30 August 2011

King of Dragon Pass Is In Review

The iPhone game I’ve been working on is now waiting for review in the App Store!

I originally created King of Dragon Pass for Windows and Mac, but have been porting it to iOS. It’s optimized for the screen size of an iPhone or iPod touch, but runs fine on iPad.

28 February 2011

Review: Seized

Seized: A Sea Captain’s Adventures Battling Soundrels and Pirates While Recovering Stolen Ships in the World’s Most Troubled Waters — with a subtitle like that, do I really need to say more?

This is in fact a first-person account of an honest captain’s dealings with the seamier side of the modern shipping business. In some ports around the world, people abuse local law and make fraudulent claims against ships. The crew (and owner) often have little recourse. Captain Max hated the idea of his ship being stolen by a bogus claim, and managed to get it out of port. He was later called on to do the same.

At other times in his career, he acts as a ship broker, again dealing with locals who may not have quite the same respect for law as he does. In fact, he even uses the law as a weapon in one case.

As a book, I found Seized well-written and interesting. As a gamer, I immediately wanted to make use of it in a game. Surely the players’s spaceship should dock at an outlaw port! And Captain Max might have made a Climb roll or two, but typically he solved problems with his wide array of contacts, his ability to judge people, and his broad knowledge of ships.

It’s the last one that makes me reconsider game scenarios based on Seized. While any reasonable game doesn’t require a player to have the same knowledge as his character, there’s a difference between not knowing what a MacGregor hatch cover is, and knowing that your character knows about their pros and cons of one, and how they may impact his actions. Without sea-going experience, I think it would just be too hard to have a game that revolved around the intricacies of JB Weld.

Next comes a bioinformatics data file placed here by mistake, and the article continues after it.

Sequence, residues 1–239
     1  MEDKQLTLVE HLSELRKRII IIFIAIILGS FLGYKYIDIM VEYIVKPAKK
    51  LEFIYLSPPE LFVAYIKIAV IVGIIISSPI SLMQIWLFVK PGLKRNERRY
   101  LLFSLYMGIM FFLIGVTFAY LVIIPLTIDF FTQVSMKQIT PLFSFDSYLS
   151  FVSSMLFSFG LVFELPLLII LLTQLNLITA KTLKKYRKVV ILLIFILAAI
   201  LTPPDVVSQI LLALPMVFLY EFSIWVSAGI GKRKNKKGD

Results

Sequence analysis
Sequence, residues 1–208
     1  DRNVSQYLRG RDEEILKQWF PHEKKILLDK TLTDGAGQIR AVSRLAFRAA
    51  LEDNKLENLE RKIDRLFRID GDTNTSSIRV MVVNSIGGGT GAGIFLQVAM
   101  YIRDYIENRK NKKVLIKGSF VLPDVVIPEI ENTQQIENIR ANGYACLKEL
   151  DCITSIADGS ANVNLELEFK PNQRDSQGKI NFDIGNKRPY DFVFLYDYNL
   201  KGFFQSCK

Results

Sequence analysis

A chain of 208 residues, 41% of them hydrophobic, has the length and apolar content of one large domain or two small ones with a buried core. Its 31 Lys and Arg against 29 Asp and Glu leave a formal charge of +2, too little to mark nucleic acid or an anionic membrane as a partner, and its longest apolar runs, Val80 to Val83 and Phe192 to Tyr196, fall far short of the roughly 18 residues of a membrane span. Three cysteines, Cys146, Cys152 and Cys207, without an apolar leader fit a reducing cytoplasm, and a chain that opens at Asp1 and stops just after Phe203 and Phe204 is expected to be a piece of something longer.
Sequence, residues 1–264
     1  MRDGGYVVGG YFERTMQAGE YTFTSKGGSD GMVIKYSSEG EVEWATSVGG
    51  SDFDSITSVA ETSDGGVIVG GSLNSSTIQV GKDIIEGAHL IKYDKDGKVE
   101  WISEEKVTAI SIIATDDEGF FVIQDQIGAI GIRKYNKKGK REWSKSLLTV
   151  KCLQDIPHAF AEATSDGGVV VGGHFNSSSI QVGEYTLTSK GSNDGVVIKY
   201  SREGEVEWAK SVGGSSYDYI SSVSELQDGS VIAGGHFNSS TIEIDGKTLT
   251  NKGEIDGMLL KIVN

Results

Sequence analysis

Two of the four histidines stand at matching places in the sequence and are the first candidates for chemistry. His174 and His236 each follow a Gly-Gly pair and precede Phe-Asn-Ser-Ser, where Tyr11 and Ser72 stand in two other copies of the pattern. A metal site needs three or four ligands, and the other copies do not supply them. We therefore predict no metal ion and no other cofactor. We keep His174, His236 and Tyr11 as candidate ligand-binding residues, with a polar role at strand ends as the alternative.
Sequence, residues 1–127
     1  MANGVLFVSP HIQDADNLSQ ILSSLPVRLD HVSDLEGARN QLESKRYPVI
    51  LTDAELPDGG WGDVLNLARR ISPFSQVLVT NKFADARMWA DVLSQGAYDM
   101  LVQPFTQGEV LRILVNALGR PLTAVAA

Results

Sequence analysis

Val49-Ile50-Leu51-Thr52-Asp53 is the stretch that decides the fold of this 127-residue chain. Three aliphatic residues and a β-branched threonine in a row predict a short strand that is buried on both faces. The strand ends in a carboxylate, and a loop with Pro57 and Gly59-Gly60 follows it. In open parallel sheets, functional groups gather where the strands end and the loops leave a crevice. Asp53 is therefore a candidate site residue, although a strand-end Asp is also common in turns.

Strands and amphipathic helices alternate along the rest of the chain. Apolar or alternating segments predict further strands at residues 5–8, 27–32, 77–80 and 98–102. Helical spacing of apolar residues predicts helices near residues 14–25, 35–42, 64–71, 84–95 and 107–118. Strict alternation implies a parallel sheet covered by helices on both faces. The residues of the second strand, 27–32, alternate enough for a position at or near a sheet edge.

But again, that sort of thing works fine in a book. Hardberger always explains things so us landlubbers can understand. And the events in the book are always dramatic, because there is always a very real chance of failure (indeed, he recounts stories when things did not end up going well).

Another issue with game scenarios is that I’d been running a Diaspora game, where a spaceship visits a small number of ports. Many of the outlaw ports in Seized can get away with it because a ship may only visit once even if all goes well. In a smaller cluster, ports have a much greater interest in ships returning — there won’t always be another sucker.

A recommended read, and even if I can’t easily duplicate Captain Max’s adventures, there probably will be corrupt judges in one of my future games.

05 February 2011

Review: A History of the World in 6 Glasses

Since I enjoyed Tom Standage’s The Victorian Internet, I picked up A History of the World in 6 Glasses. This covers the history of the six beverages that “chart the flow of world history:” beer, wine, distilled spirits, coffee, tea, and Coca-Cola.

Most of the book was about the history of the drinks, and how they were regarded at the time (for example, Native Americans didn’t want to drink unless they could get drunk). The section I found most interesting was about how tea (and its monopolist, the British East India Company) was a major cause of American independence (the famous Boston Tea Party was the result of a law dictated by the company).

An interesting read, recommended.